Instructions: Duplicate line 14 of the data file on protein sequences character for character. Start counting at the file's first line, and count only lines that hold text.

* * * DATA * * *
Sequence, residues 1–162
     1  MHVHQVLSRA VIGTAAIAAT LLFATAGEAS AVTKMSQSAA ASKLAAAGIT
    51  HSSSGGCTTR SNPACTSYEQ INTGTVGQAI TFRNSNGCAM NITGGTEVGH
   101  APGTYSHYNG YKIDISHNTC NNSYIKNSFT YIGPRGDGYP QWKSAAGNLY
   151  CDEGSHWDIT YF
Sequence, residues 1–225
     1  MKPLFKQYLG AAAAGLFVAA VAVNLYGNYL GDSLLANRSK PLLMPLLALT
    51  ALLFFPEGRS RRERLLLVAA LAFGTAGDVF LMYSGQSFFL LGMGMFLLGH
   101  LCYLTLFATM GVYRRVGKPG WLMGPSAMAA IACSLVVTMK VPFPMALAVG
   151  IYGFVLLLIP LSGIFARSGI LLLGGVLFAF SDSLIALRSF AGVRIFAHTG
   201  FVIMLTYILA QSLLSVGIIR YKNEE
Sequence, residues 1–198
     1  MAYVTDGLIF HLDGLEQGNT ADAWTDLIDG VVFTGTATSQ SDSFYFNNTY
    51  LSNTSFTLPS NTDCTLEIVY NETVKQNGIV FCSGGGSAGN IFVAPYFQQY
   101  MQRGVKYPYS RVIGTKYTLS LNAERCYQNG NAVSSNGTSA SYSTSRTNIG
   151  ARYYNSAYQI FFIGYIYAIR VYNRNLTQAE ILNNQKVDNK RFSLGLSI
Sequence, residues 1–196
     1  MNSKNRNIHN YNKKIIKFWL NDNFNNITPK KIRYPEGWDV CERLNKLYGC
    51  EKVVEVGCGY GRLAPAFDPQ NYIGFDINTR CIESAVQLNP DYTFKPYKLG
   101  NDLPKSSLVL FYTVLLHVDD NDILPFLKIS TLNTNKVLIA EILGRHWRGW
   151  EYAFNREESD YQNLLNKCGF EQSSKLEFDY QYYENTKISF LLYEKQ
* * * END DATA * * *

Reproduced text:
    51  LSNTSFTLPS NTDCTLEIVY NETVKQNGIV FCSGGGSAGN IFVAPYFQQY